In JanuaryOwen was deployed but he was innocent to the realism of war. On dithering feet upgathered, more and more, Brown strings towards strings of gray, with bristling spines, All migrants from green fields, intent on mire.
The second stanza's first line brings the reader directly in touch with the unfolding drama and, although these are soldiers, men as well as old beggars and hagsthe simple word "boys" seems to put everything into perspective.
Wilfred Owen was one of the leading voices of the first world war. The ababcdcd of the first eight lines summon the Shakespearean sonnetbut the succeeding six lines disrupt the expectations of an English sonnet: what should run efefgg instead runs efefgh, with an extra rhyme introduced, and we realise we must read on beyond the 14 lines of a sonnet: the horrific experience of war cannot be summed up neatly in a pretty little sonnet.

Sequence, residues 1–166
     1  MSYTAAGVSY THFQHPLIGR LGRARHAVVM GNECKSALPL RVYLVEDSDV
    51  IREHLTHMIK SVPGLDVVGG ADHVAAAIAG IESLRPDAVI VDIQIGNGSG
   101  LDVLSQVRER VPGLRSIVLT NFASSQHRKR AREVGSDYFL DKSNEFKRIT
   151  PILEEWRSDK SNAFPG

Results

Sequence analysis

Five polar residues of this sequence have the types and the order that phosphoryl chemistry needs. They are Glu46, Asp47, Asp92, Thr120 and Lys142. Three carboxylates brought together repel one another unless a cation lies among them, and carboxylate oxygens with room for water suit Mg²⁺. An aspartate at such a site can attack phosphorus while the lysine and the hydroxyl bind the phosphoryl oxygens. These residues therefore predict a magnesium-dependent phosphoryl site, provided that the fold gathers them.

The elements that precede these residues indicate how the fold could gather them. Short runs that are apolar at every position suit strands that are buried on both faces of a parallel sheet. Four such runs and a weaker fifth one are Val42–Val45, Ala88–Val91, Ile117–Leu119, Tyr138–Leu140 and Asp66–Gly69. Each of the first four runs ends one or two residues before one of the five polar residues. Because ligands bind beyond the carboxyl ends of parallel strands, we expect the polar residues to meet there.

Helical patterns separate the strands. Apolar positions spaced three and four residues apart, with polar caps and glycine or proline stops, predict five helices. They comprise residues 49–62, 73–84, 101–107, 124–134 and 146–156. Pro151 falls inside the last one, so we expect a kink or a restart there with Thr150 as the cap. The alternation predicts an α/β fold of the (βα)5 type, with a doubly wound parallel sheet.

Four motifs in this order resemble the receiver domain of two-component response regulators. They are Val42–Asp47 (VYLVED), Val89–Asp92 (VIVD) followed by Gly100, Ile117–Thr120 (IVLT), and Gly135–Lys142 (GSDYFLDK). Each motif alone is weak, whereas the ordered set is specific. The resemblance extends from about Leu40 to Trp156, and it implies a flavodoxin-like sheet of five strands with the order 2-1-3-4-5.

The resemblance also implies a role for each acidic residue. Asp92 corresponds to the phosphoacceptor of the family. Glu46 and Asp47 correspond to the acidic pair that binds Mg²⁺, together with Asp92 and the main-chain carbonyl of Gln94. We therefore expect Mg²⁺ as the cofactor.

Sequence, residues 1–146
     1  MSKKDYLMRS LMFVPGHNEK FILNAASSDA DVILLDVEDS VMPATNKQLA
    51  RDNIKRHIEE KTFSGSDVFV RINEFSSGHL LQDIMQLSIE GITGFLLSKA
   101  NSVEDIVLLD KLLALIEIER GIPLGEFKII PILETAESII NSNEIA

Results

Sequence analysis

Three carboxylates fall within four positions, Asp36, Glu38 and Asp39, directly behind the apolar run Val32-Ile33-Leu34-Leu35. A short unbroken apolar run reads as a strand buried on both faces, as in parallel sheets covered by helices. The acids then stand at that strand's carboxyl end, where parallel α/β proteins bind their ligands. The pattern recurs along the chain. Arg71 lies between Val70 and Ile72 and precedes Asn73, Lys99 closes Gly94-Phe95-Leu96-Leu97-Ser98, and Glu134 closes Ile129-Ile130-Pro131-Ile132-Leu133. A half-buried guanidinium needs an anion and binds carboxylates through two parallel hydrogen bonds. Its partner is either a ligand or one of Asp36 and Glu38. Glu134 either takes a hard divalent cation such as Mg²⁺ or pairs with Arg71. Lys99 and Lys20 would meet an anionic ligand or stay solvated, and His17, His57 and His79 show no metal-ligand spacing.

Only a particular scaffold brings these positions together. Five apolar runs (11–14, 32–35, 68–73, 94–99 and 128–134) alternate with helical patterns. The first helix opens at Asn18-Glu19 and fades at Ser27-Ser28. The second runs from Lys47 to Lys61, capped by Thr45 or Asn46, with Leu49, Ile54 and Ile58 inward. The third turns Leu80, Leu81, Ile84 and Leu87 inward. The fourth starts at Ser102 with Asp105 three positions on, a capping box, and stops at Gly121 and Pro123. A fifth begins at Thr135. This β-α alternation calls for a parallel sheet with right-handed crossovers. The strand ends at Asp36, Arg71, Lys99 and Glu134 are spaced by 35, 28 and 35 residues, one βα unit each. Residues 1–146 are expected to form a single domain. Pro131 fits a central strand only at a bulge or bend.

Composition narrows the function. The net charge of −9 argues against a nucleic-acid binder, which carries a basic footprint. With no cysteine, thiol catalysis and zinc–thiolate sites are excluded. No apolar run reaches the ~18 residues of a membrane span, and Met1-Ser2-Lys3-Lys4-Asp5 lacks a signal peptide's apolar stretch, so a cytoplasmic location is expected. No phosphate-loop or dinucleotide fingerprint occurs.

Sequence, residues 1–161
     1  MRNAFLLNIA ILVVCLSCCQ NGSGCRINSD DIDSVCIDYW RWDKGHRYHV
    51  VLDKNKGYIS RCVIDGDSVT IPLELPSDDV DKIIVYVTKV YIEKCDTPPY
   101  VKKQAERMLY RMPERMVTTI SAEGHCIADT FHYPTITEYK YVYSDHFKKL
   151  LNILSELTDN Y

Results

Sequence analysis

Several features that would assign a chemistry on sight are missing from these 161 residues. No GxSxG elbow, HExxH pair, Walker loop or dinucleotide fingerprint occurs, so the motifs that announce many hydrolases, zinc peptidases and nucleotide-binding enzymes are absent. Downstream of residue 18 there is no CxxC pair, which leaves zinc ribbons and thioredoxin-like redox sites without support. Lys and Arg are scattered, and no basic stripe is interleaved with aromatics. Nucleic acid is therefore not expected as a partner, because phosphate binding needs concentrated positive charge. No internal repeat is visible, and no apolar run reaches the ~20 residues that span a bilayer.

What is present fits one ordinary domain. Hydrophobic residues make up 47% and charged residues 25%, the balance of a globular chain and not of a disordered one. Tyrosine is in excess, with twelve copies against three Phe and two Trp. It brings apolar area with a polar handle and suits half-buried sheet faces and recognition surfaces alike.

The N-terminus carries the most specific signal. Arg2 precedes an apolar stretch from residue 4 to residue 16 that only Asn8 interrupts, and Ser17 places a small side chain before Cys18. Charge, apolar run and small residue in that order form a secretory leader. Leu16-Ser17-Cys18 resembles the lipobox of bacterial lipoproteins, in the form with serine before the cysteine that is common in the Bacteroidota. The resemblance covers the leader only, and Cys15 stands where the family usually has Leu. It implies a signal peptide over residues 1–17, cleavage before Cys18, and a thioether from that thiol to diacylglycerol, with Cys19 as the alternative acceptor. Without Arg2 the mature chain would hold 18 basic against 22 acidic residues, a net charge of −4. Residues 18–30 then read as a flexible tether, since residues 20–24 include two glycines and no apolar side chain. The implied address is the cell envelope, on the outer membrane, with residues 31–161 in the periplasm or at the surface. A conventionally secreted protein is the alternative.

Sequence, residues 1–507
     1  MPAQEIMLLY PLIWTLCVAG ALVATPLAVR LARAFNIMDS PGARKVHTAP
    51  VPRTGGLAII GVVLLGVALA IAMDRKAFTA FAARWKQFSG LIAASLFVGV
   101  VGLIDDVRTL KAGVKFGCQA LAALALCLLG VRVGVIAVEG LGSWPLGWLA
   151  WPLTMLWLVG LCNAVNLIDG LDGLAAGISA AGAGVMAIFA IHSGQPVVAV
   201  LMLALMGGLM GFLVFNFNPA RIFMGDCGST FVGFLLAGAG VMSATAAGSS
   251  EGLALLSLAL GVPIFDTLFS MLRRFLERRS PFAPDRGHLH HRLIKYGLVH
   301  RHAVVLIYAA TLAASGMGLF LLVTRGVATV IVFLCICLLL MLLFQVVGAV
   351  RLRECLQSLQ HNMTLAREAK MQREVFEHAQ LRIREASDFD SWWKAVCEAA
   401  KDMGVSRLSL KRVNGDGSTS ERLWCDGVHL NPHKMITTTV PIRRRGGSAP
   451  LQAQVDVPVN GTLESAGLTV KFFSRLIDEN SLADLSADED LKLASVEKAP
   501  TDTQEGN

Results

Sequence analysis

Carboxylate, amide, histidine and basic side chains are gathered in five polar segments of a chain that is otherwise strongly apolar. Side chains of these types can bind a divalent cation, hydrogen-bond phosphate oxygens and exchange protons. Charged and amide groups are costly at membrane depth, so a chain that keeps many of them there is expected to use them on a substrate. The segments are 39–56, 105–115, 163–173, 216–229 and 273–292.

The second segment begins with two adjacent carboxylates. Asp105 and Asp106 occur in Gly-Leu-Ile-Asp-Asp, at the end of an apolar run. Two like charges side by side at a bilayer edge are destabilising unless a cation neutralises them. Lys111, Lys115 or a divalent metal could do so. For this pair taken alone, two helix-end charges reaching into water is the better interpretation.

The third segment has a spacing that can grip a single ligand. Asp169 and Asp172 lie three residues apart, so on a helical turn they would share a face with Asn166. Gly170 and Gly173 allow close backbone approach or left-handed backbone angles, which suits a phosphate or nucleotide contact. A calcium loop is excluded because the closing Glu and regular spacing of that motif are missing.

The critic George Stade wrote, "this is as near as Owen would come to a theory of modern war poetry; its sense of pity and revulsion should be transpersonal and directed outward toward the condition of war and not toward one's own feelings.
The author has portrayed this idea through the clever use of several language techniques with the main ones being metaphors, similes and onomatopoeia which will be covered throughout the rest of the essay.
The window is not clear, but misty. He wrote of endless marches, the terror of the howling shells, the mire of the trenches, and the surprise attacks of poison gas.
A loving Christian God is nonexistent.